Businesses in Lahore have needed to show “resilience and patience” over the past decade, which has been tough on Pakistan and its commercial community as a whole. So says Irtaza Subhani ACMA, CGMA, assistant manager in the risk advisory team at KPMG Taseer Hadi & Co.
The economy had ground to a halt, damaged by terrorism and political uncertainty throughout the region, he says. “But now, with a second consecutive democratic government in place, there are signs of improvement after a tough and perhaps unpopular recovery programme. The economy is stabilising: Pakistan exceeded 4 per cent GDP growth in 2013-14 and is targeting a better rate for this year. Businesses that made it through the turbulent times are enjoying this stable period and are flourishing, with stock markets hitting all-time highs.”
Emaad Rashid ACMA, CGMA, an information systems auditor at Allied Bank, has also observed a number of positive changes in Lahore. Recent infrastructure improvements by the government have “made the city very comfortable. The quality of transport here, be that public or private, has gone up to a new level, for example.”
Home to more than 15 million people, Lahore is the nation’s second-largest metropolis by population. Rashid notes that the cost of living here is relatively high, but he believes that this is offset by the high standard of living offered by the city, which is a safe and pleasant environment compared with other big urban areas in Pakistan.
Subhani agrees. “Some Americans call Chicago an ‘all-American city’ because it encompasses everything there is about the US. Likewise, Lahore is the all- Pakistani city – and also its cultural capital,” he says. “It has two sides: inner Lahore (Androon Shehr), a time-frozen picture of what ancient walled cities looked like; and the new 21st-century Lahore – modern and clean, with planned infrastructure and the first mass transit system in the country.”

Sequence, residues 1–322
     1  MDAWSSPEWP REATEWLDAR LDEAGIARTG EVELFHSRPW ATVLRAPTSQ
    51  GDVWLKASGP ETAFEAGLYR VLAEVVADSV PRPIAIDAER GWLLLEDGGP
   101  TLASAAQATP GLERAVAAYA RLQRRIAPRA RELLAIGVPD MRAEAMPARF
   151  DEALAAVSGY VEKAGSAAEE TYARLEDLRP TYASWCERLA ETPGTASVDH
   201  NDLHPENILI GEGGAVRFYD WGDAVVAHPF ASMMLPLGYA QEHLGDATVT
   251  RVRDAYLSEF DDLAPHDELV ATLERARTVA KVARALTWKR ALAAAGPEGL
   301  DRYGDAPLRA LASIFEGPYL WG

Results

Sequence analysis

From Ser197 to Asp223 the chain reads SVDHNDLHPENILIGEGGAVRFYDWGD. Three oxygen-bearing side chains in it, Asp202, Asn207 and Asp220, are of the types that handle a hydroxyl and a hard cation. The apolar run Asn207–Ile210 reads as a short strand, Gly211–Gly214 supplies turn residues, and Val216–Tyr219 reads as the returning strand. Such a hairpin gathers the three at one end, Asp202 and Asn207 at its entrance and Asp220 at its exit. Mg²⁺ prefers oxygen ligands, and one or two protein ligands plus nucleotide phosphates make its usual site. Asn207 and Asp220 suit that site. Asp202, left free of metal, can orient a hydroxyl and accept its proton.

Rashid believes that Lahore “can be considered one of the best cities in the country to live in. With a growing number of work possibilities here, the dream of earning a decent living has come true for many people.”
He continues: “Lahore has unlimited talent and a variety of individuals with great diversity. With more and more educated people migrating to the city from rural and underdeveloped areas in the surrounding regions in search of better jobs, the employment market is becoming ever more challenging and competitive. Standards of education and skills have improved, which is a positive sign for businesses in Lahore in the long run.”
LAHORE HAS BECOME a city of many cultures and traditions. The West’s growing influence can be observed in certain parts of the city, but “one still finds the old colours” in most areas, according to Rashid. This means that there is “no one key that fits all locks” when it comes to attracting custom and building a sustainable business.
The best way to trade successfully in Lahore, with its great cultural diversity, is to single out a particular group of consumers and focus on satisfying their needs, he advises.
“A clear distinction should be made as to which customer segment is being targeted and what its requirements are,” Rashid says, pointing out that the most successful businesses in the city have grasped how important it is to form an intimate understanding of their market and then to offer customers and clients the specialised products and services they really need.
“Every now and then, one sees a new enterprise emerging and trying its luck in offering a mixed and confused range of products and services,” he adds. These companies, which break even at best, tend to be “shaken out at the growth phase because of the competition from well-settled and specialised businesses”.
WHILE PAKISTAN’S PREVAILING corporate culture is characterised by strict hierarchies and unquestioning respect for authority, according to Subhani, organisations in Lahore tend to place relatively more value on relationships and qualities such as empathy, while still encouraging their people to be ambitious and competitive.
Part of this difference can be attributed to the growing influence of incoming foreign corporations. “People switching from multinationals to local firms bring in a great deal of knowledge and experience,” he says. “Even though there is still huge potential for improvement, HR management is one area in which the local business culture has benefited from multinationals.”
Rashid has witnessed a wide range of management styles in Lahore. “For example, you’ll find firms with a culture of long hours, which may stretch from 9am to as late as 11pm. At the same time there are companies that discourage their employees from staying not a minute longer than the normal working hours,” he says. “But one can still find uniformity in some areas – the carrot-and-stick management model, for instance, prevails even today.”
Rashid adds: “It can be said with reasonable certainty that the management culture in Lahore is changing rapidly. It would not surprise me if its norms were to change entirely within 10 years.”